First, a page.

Sauce preferences, it turns out, are highly personal and deeply relished. Melissa Love’s affinity for ketchup led her to tattoo the image of a Heinz bottle onto her upper right arm in January—just above a drawing of her two children. Love, a U.K.-based nurse, grew up eating buttered-bread-and-ketchup sandwiches for dinner, and she still keeps small packets in her purse.

“There have been occasions where the packets have ripped open and spoiled the handbag but it’s a risk I’m prepared to take," Love said.

Condiment makers sense a cultural moment. Kraft Heinz, which calls itself the world’s number one player in sauce, in September dipped into action after someone tweeted about a key development at a Kansas City Chiefs football game: “Taylor Swift was eating a piece of chicken with ketchup and seemingly ranch!"

Within days, Kraft Heinz was marketing a limited-edition bottle that rebranded its existing “Kranch" sauce as “Ketchup and Seemingly Ranch."

Kraft Heinz, maker of A-1 steak sauce and Miracle Whip, last year began “dropping" limited-edition sauces at chicken joints nationwide, including a brewery mustard (“ale aroma and hoppy background") and yuzu wasabi (creamy with “bright citrus notes").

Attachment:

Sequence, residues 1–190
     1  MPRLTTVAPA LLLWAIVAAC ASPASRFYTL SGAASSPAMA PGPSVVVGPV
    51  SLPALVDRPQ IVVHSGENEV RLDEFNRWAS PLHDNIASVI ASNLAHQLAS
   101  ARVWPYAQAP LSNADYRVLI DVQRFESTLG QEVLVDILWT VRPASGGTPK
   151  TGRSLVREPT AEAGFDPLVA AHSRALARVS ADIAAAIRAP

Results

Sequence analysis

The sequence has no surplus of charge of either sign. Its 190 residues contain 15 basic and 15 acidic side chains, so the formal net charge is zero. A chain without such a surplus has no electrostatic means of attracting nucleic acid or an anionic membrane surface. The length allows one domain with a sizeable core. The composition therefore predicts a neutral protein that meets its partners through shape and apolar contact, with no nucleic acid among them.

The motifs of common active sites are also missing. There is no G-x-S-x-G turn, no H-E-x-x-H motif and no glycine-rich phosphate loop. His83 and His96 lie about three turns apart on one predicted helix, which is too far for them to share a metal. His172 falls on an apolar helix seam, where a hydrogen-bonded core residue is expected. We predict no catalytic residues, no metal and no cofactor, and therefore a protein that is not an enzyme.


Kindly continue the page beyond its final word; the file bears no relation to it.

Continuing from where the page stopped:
‘Luxury condiments’

The company is seeking to turn restaurant condiment counters into R&D outposts and is peddling to eateries its new “Heinz Remix" customizable sauce dispenser.

Using a digital touch screen, diners can mix a “base," like ketchup, ranch or barbecue sauce, with “enhancers" such as jalapeño, smoky chipotle, buffalo and mango, producing more than 300 potential combinations. The device will feed information back to the company, making it “an insights engine," according to Alan Kleinerman, Kraft Heinz’s vice president of global disruptive innovation.